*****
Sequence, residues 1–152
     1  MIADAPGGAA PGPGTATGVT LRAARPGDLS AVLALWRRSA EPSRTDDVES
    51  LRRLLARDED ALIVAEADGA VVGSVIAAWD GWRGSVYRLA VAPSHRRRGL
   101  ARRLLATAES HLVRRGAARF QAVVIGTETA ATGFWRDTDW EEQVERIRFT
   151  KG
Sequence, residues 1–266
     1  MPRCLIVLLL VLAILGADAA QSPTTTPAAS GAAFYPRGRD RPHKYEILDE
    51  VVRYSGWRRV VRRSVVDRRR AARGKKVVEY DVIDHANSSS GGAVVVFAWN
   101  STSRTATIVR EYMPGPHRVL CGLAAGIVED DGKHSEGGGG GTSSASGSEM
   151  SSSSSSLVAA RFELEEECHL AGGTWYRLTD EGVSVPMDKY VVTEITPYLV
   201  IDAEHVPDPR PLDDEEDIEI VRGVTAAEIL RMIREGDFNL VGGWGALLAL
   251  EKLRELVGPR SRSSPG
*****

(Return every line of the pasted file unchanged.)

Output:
Sequence, residues 1–152
     1  MIADAPGGAA PGPGTATGVT LRAARPGDLS AVLALWRRSA EPSRTDDVES
    51  LRRLLARDED ALIVAEADGA VVGSVIAAWD GWRGSVYRLA VAPSHRRRGL
   101  ARRLLATAES HLVRRGAARF QAVVIGTETA ATGFWRDTDW EEQVERIRFT
   151  KG
Sequence, residues 1–266
     1  MPRCLIVLLL VLAILGADAA QSPTTTPAAS GAAFYPRGRD RPHKYEILDE
    51  VVRYSGWRRV VRRSVVDRRR AARGKKVVEY DVIDHANSSS GGAVVVFAWN
   101  STSRTATIVR EYMPGPHRVL CGLAAGIVED DGKHSEGGGG GTSSASGSEM
   151  SSSSSSLVAA RFELEEECHL AGGTWYRLTD EGVSVPMDKY VVTEITPYLV
   201  IDAEHVPDPR PLDDEEDIEI VRGVTAAEIL RMIREGDFNL VGGWGALLAL
   251  EKLRELVGPR SRSSPG